We have turned a corner in the world of automotive manufacturing. Design engineers are now shifting their attention to new technologies to ensure they aren’t left in the dust by disruptive start-ups.
Karl Hollis, Director of Engineering at Precision Micro, discusses how photochemical etching can enable manufacturers to produce specialist EV components more cost-effectively, without compromising on precision.
In December 2021, European sales of electric cars overtook diesel models for the first time.
According to data compiled by The Financial Times and independent auto analyst Matthias Schmidt, over 20% of new cars sold across 18 European markets were powered solely by battery technology.
With governments across Europe also providing subsidies and grants to further encourage uptake, the demand for electric vehicles is only going to soar from here.
As a result, manufacturers are looking to adopt new processes to produce next-gen vehicles, with different components and levels of supply chain collaboration required to deliver performance efficiently and cost-effectively.
An alternative to traditional stamping and laser cutting, photochemical etching is a subtractive sheet metal machining process that uses chemical etchants to create complex and highly accurate precision components from almost any metal.
The geometric complexity and precision tolerances offered by chemical etching make it not just a desirable manufacturing process but, in some instances, the only technology suitable for critical metal components.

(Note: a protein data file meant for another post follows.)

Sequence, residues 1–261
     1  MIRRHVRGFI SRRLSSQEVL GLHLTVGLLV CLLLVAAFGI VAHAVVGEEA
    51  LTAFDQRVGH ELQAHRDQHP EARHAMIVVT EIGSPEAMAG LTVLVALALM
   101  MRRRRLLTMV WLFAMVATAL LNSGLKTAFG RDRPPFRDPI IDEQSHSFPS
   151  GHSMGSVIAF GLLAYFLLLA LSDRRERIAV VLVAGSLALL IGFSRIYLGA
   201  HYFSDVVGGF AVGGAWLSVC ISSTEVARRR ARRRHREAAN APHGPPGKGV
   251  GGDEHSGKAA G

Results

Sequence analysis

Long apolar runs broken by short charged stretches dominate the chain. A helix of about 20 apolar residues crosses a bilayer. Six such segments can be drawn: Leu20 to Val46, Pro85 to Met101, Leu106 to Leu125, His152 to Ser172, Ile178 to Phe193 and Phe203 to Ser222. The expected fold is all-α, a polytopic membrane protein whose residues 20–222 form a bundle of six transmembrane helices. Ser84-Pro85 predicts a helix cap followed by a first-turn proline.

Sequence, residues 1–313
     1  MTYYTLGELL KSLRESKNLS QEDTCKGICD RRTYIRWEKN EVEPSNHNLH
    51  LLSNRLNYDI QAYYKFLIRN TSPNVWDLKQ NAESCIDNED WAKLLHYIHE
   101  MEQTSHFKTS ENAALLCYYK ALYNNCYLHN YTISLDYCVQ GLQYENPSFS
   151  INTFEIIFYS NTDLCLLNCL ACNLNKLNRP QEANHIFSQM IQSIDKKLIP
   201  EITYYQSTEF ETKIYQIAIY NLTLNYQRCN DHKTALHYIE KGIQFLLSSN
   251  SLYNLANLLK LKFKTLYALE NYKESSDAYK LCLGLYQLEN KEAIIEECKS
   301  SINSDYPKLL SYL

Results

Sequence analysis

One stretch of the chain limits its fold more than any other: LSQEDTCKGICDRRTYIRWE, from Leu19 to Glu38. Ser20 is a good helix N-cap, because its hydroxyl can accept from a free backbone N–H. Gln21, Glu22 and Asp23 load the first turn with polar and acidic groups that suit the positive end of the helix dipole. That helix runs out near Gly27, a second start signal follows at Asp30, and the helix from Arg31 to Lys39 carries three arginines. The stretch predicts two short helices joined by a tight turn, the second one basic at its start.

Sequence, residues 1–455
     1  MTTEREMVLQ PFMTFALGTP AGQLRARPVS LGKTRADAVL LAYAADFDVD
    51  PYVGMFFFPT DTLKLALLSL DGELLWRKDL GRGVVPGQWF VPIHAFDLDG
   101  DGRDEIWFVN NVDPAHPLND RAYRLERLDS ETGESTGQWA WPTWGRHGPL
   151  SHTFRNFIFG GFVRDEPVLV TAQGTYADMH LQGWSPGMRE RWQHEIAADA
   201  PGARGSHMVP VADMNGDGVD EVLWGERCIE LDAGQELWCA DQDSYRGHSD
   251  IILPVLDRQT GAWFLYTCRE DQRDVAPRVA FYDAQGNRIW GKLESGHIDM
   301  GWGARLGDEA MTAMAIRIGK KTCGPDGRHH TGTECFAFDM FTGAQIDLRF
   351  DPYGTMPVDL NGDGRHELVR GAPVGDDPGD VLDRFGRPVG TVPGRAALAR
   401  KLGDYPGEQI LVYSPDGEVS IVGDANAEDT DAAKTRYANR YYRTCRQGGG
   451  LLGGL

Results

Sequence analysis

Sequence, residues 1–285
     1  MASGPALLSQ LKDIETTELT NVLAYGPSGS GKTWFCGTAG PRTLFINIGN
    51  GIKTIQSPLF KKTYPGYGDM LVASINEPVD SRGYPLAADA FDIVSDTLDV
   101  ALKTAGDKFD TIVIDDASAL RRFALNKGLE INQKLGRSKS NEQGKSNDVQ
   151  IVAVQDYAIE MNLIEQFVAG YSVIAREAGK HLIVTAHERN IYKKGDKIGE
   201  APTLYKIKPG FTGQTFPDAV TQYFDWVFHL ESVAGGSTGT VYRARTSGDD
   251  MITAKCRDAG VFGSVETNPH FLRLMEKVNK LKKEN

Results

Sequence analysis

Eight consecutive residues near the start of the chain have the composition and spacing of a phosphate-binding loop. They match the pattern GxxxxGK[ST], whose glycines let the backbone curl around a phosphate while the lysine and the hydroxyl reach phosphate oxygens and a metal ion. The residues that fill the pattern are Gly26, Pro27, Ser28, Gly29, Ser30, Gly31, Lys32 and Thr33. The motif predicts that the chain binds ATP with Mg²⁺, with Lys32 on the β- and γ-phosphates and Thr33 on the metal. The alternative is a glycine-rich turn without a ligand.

Although for some EV parts traditional machining methods would be adequate, the tooling required can cost significantly more. Also, non-standard materials, thicknesses and grades can be a limitation.
Typically produced from copper or aluminium, busbars are solid metal bars used to carry electric current.
Unlike cables, they are shorter in height and carry more power, making them ideal for linking cell modules in electric vehicle batteries.
Busbars are typically stamped then sent to be machined separately but using two different processes is slower and can incur additional costs. Progressive die stamping, a single process alternative, can incur expensive upfront tooling costs.
Chemical etching, by comparison, offers a simpler solution. Using digital tooling, prototypes can be produced faster, often in just a few days, and with significantly lower financial outlay.
Hydrogen fuel cells are used to store and deliver power within fuel cell electric vehicles (FCEVs) and are one of the most efficient options for doing so.
They are produced by stacking precise and intricate plates, machined with complex grooves or channels, which enable liquid and gases to flow. These can be variously manufactured using CNC-machining, hydroforming and stamping, but there are question marks over the scalability and capability of these processes.
Creating plates using traditional metalworking technologies such as stamping and hydroforming compromise planarity (flatness) and introduce stresses and burrs. Tooling can also be slow and uneconomical to produce – in some instances many months – increasing development timelines.
The photochemical etching process can offer manufacturers significant advantages when producing complex fluidic components such as bipolar fuel cell plates, reducing inefficiencies while maintaining precision and increasing time to market.